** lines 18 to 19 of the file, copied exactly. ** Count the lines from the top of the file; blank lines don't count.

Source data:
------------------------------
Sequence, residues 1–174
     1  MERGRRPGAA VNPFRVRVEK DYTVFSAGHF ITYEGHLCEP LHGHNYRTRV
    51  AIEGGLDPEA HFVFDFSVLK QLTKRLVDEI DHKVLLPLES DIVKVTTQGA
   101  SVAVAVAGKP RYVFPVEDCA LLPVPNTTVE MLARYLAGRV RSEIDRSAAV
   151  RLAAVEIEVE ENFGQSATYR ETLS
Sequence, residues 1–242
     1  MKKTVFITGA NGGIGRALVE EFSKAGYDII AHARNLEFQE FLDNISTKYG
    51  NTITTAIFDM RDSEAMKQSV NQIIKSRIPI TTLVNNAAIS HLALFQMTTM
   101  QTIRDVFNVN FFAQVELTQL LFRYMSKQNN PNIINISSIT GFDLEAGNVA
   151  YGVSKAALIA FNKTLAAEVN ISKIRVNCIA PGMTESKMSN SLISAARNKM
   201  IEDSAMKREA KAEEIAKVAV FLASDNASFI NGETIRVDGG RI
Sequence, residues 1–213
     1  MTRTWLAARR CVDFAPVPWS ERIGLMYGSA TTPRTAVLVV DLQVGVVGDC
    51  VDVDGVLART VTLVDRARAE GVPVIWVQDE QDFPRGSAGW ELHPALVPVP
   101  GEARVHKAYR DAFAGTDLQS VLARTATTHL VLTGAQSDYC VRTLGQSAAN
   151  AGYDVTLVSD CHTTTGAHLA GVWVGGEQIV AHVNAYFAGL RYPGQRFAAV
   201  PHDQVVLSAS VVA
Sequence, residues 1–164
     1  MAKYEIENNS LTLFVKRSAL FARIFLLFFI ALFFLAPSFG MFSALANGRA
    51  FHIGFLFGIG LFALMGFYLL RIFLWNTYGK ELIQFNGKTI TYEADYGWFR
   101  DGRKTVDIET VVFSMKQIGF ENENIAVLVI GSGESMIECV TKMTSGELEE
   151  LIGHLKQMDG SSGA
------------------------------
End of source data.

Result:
Sequence, residues 1–164
     1  MAKYEIENNS LTLFVKRSAL FARIFLLFFI ALFFLAPSFG MFSALANGRA